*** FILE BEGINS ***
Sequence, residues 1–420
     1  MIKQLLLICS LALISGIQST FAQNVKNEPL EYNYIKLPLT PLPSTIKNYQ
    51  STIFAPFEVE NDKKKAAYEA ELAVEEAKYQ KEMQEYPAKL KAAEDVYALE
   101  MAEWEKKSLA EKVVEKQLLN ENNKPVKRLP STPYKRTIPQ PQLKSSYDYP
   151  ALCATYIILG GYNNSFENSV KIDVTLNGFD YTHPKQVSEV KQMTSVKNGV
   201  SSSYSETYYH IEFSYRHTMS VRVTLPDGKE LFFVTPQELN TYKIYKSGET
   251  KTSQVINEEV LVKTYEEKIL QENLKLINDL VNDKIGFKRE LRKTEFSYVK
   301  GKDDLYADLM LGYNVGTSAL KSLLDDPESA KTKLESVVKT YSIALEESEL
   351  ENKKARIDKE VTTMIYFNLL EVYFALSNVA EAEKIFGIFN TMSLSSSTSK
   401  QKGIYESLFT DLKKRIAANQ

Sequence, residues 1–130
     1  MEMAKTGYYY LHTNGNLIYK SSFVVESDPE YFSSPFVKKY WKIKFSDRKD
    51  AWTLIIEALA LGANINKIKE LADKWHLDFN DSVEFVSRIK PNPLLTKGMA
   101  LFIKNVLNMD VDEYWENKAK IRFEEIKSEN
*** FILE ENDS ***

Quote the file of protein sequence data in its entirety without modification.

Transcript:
Sequence, residues 1–420
     1  MIKQLLLICS LALISGIQST FAQNVKNEPL EYNYIKLPLT PLPSTIKNYQ
    51  STIFAPFEVE NDKKKAAYEA ELAVEEAKYQ KEMQEYPAKL KAAEDVYALE
   101  MAEWEKKSLA EKVVEKQLLN ENNKPVKRLP STPYKRTIPQ PQLKSSYDYP
   151  ALCATYIILG GYNNSFENSV KIDVTLNGFD YTHPKQVSEV KQMTSVKNGV
   201  SSSYSETYYH IEFSYRHTMS VRVTLPDGKE LFFVTPQELN TYKIYKSGET
   251  KTSQVINEEV LVKTYEEKIL QENLKLINDL VNDKIGFKRE LRKTEFSYVK
   301  GKDDLYADLM LGYNVGTSAL KSLLDDPESA KTKLESVVKT YSIALEESEL
   351  ENKKARIDKE VTTMIYFNLL EVYFALSNVA EAEKIFGIFN TMSLSSSTSK
   401  QKGIYESLFT DLKKRIAANQ

Sequence, residues 1–130
     1  MEMAKTGYYY LHTNGNLIYK SSFVVESDPE YFSSPFVKKY WKIKFSDRKD
    51  AWTLIIEALA LGANINKIKE LADKWHLDFN DSVEFVSRIK PNPLLTKGMA
   101  LFIKNVLNMD VDEYWENKAK IRFEEIKSEN